The Vivos System uses multidisciplinary modules to treat sleep-disordered breathing and sleep apnea.
It’s estimated that 22 million Americans have sleep apnea.1 Obstructive sleep apnea (OSA) specifically is linked to severe medical complications, such as high blood pressure, heart disease, stroke, type 2 diabetes, liver problems, and metabolic syndrome.2,3
Sleep apnea is more than just a decorative way to describe “snoring,” and snoring can in fact be a sign that an individual has a sleep disorder. Other symptoms include daytime drowsiness or fatigue; decreases in focus, concentration, and motor skills; and dry mouth or headaches when waking up.2
Sleep apnea occurs when breathing repeatedly starts and stops.2 In OSA, the muscles in the back of the throat relax, allowing the airway to narrow or close as you inhale.2 In response to the lack of oxygen, the brain briefly lifts you out of sleep to reopen the airway.2 This happens throughout the night, possibly between 5 and 30 times or more each hour.3 This stop in airflow to the brain releases a stress hormone, which, over time, can lead to heart disease, according to the American Heart Association.3
Despite this link, about 80% of cases of moderate or severe OSA go undiagnosed.1 This is why Dean Raio, DDS, has been treating his patients' sleep-disordered breathing with the Vivos System. Dr Raio, who has 3 practices in Manhattan and Long Island, New York, has been using Vivos appliances for about 6 years.
“I think that everybody takes breathing for granted,” Dr Raio says. “We automatically do it. When you think about it, we only need 3 things for survival: We need food, we need water, and we need oxygen. We can probably go 30 days without food, maybe 3 days without water, but only about 3 minutes without oxygen. When little focus is put on breathing, it changes the way that person lives or sleeps.”
Dr Raio treats patients of all ages for sleep apnea, which is why he appreciates that Vivos Therapeutics offers different appliances for adults and children. The Vivos oral appliances address the orofacial anomalies known to be associated with sleep apnea. Many people may not think that children suffer from sleep apnea, which can cause a loss of focus that is often misdiagnosed as, or blamed on, behavioral issues or attention-deficit/hyperactivity disorder, not a loss of sleep, he explains.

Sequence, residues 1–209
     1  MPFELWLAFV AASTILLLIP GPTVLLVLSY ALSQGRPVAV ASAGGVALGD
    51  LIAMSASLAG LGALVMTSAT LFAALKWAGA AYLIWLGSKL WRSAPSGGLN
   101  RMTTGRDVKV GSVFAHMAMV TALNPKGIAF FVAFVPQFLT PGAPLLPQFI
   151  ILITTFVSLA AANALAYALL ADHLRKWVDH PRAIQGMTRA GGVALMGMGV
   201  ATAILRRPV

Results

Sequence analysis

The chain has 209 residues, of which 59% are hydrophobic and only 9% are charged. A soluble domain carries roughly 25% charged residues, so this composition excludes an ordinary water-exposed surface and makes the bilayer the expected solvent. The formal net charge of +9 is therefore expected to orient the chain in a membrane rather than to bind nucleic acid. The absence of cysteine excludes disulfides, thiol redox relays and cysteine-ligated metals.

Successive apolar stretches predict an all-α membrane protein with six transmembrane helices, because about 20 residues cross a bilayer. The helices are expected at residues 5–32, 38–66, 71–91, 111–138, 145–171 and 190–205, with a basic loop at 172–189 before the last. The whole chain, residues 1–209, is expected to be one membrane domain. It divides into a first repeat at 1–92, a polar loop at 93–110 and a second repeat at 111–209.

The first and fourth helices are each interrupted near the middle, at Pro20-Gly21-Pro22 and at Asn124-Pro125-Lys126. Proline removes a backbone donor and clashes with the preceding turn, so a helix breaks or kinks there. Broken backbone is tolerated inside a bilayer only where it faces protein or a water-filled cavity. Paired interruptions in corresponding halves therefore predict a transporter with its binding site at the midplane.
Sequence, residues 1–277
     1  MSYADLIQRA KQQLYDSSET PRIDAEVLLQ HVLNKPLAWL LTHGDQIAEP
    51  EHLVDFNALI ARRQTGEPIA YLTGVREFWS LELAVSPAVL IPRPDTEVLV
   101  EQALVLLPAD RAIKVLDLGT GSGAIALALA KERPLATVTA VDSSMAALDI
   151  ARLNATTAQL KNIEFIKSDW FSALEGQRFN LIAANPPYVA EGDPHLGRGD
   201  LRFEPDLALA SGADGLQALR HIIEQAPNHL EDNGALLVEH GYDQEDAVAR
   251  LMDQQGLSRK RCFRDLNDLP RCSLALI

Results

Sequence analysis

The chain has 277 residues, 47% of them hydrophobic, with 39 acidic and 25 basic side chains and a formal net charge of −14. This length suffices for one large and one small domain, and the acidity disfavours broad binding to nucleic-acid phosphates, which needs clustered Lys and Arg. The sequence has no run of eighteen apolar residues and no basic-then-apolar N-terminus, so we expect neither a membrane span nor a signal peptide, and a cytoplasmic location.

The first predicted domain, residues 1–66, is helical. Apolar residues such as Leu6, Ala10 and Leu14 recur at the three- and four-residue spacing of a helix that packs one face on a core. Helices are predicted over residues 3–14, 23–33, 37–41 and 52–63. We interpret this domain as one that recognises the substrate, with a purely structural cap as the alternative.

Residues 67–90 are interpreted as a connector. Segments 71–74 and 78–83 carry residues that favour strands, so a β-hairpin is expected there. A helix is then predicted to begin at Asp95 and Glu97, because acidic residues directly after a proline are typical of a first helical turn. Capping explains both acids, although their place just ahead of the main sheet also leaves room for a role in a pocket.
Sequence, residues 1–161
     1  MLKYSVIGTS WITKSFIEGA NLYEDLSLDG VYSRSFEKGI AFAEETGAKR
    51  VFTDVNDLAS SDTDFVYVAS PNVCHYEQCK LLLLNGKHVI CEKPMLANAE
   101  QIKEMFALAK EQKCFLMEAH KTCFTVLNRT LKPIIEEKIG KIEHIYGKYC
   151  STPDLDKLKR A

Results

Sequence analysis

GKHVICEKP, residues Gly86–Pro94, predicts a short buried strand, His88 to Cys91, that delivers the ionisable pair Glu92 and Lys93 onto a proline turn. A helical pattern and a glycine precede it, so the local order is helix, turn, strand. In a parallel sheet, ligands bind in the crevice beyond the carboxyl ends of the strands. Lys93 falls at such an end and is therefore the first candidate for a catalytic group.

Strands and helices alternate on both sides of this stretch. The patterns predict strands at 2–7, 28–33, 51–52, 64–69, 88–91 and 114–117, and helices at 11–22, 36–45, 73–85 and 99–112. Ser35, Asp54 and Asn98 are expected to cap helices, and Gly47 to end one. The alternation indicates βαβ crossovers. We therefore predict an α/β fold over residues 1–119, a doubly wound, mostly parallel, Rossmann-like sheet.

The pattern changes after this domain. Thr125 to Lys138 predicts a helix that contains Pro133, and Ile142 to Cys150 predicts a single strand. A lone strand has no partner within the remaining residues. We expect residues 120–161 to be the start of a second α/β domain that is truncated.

“As adults, we make that connection of, ‘Hey, you know what? I didn’t sleep great last night; let me have my coffee.’ They don’t make that connection with children,” Dr Raio explains. “So that’s another benefit for the children—their math scores go up, their reading scores go up when they’re able to sleep because now they can focus during the day and they’re not feeling miserable.”
The Vivos patient journey begins with an at-home FDA-cleared test suitable for adults or children, VivoScore™, which is a ring recording device that patients wear to bed. Its algorithms evaluate sleep quality and provide clinical output required by physicians to diagnose sleep apnea, and its compatible mobile and cloud applications give patients and clinicians access to valuable sleep data.
Vivos features 3 unique oral appliances: (1) the mmRNA appliance®, which has just received 510(k) market clearance as a Class II device, from the FDA for the treatment of mild to moderate OSA, and snoring in adults; (2) the mRNA appliance®, which has received 510(k) clearance as a Class II device for the treatment of snoring and mild to moderate OSA; and (3) the DNA appliance®, which is registered with the FDA as a Class I device for palatal expansion.